The Electoral Reform Society (ERS) has published a report demanding establishment institutions have far-reaching new powers to control future referendum campaigns, including the ability to silence those they consider “misleading”.
The report has made for numerous anti-Brexit headlines this morning, implicitly questioning the validity of the referendum result.
“’Glaring deficiencies’ in EU debate, Electoral Reform Society says”, announced the BBC. “Electoral reform campaigners slam ‘dire’ EU referendum debate”, said Guardian. “Public felt ill-informed in EU referendum campaign, says reform society”, claimed Reuters.
The ERS even retweeted an article titled: “Ten things we should do to avoid the mistakes of the EU referendum”, (emphasis added).
Katie Ghose, Chief Executive of the ERS, said: “This report shows without a shadow of a doubt just how dire the EU referendum debate really was. There were glaring democratic deficiencies in the run-up to the vote, with the public feeling totally ill-informed.”
The ERS is part funded by the left-wing Joseph Rowntree Foundation, which has also funded the group CAGE, who have been described as a “shady Salafi PR outfit” and are accused of pandering to Islamist terrorism, and Operation Black Vote, who released posters depicting ‘Leave’ voters as racist skinheads during the referendum campaign.
They may also have a vested interest in parts of the UK’s electoral system.
Documents obtained by the Spectator in 2011 purported to “reveal that [the ERS] is the majority shareholder in Britain’s leading supplier of election services” with the magazine describing the organisation as the “political wing of Britain’s leading ballot-services business”.
The think tank’s report reiterated the demands of many anti-Brexit campaigners, including calling for the vote to be extended to 16-year-olds – a demographic well known for being exceptionally “progressive” and globalist.
The proposed raft of new measures and powers would be handed, primarily, to the Electoral Commission, potentially handing the establishment further power to control public discourse before referendums.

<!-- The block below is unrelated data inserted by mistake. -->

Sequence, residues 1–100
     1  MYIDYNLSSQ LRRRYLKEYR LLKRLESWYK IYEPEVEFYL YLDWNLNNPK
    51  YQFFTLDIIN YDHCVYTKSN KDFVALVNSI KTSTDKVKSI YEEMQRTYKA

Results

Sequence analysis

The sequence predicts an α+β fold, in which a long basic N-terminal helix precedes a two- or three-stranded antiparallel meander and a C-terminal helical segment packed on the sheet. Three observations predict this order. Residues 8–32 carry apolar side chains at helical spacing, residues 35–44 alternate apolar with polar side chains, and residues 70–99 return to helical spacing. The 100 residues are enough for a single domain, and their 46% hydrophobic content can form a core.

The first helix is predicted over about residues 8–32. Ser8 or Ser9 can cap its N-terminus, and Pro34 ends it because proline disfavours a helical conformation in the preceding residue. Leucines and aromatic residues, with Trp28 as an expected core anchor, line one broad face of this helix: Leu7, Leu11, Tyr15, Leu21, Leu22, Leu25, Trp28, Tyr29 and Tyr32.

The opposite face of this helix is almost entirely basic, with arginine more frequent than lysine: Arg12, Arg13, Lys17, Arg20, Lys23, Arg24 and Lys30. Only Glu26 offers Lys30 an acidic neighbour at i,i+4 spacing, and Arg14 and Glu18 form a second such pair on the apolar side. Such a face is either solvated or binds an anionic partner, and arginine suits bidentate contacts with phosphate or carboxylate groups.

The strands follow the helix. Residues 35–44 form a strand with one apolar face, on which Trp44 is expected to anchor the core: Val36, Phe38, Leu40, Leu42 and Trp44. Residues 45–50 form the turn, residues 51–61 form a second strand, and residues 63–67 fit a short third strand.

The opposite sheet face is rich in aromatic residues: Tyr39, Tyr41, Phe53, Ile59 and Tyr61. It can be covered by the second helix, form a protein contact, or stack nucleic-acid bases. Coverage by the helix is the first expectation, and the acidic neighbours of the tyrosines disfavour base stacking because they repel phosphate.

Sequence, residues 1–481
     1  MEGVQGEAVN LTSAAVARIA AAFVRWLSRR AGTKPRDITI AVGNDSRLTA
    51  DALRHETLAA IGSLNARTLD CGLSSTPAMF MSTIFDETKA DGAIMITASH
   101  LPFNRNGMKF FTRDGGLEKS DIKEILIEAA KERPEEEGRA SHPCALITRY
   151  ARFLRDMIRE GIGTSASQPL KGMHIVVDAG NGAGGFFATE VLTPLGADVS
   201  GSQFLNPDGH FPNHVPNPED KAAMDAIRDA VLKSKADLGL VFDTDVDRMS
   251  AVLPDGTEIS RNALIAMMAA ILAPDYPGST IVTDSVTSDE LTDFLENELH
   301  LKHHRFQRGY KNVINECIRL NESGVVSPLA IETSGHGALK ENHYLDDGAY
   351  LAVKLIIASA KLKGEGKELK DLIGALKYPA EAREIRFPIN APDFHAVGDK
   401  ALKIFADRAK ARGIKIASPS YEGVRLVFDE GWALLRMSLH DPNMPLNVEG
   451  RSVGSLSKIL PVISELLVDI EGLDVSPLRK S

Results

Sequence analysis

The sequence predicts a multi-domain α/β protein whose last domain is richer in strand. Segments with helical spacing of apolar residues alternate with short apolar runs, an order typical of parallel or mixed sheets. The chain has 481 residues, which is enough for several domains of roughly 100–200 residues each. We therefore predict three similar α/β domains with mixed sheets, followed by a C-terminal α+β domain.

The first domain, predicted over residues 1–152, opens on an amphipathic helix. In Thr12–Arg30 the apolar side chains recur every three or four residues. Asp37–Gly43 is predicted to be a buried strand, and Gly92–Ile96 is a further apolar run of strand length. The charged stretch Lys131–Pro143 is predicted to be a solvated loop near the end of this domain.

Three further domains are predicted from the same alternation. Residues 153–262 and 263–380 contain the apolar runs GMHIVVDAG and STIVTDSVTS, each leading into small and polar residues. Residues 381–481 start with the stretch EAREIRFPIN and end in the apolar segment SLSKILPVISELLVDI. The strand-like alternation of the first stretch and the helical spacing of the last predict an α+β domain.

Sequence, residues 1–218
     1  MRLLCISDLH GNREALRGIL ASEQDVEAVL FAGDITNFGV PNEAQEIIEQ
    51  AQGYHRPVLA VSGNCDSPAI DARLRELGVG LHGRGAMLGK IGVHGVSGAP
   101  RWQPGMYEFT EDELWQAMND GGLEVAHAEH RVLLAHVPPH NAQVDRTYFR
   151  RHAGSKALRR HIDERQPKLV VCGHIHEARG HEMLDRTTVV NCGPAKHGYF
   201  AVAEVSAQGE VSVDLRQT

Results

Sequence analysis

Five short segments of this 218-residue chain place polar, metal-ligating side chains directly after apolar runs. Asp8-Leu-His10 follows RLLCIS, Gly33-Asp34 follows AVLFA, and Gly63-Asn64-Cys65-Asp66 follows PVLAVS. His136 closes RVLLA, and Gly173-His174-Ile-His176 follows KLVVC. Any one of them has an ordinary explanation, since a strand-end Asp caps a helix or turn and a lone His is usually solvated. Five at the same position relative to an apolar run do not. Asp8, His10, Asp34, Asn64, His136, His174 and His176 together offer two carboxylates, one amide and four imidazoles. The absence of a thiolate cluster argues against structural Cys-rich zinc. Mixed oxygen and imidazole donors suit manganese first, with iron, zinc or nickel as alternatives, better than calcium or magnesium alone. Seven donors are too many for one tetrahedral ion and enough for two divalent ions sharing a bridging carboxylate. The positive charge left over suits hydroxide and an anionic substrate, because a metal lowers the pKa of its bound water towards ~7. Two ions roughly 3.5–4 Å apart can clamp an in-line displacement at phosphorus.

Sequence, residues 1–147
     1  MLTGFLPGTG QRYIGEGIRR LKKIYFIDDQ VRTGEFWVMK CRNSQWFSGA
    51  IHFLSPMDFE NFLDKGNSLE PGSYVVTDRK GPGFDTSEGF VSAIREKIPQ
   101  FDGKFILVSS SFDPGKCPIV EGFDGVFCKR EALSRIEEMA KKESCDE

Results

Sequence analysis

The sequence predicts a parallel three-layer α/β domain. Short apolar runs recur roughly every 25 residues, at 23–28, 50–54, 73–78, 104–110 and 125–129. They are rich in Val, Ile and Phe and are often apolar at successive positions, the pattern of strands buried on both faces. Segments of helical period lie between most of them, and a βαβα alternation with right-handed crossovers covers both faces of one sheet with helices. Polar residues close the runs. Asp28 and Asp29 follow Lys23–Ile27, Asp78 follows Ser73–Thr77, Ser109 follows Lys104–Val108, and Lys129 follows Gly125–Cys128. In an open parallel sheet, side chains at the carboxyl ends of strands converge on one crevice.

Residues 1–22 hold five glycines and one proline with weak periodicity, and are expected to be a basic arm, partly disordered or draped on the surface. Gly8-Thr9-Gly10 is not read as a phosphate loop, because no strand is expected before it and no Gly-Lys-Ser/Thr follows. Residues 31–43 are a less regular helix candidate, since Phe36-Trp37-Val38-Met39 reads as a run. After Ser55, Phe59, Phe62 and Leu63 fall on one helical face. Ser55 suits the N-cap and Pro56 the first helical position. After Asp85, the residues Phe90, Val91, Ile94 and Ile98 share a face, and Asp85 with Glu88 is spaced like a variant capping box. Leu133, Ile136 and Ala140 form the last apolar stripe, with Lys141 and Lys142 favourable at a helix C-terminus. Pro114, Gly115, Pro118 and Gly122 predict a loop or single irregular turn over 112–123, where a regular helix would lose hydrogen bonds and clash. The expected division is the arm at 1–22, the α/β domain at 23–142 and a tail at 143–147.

“An official body – either the Electoral Commission or an appropriate alternative – should be empowered to intervene when overtly misleading information is disseminated by the official campaigns,” they say.
The Electoral Commission could also run an official fact-checking website, to push the official view, and “publish an official ‘rulebook’ setting out the timetable, rules for campaigners and all other technical aspects of the vote” to act as a “bible” for the campaign.
“All referendums should have a minimum six-month regulated campaign period” they also demand, claiming this will help the public “get to grips with the issues and make a low-information, low-deliberation referendum campaign less likely”.
The think tank seized upon anecdotes widely employed by ‘Remain’ campaigners – such as the fact there was a spike in people Googling ‘what is the EU’ after the vote – as evidence that their recommendations are needed.
They also insist that personality politics, or ‘big beast’ politicians like Boris Johnson, played too much of a role. However, “according to our polling, the effect of big personalities on voters’ intentions was surprisingly minimal” they added.
Interestingly, according to a poll included in the report, David Cameron was around twice as likely to make people vote ‘Leave’ than for his favoured side, ‘Remain’.
However, Nigel Farage was slightly more likely to make people vote ‘Leave’ than ‘Remain’, making him one of the only personalities who appeared to have the desired effect on their audience, alongside Boris Johnson and Donald Trump.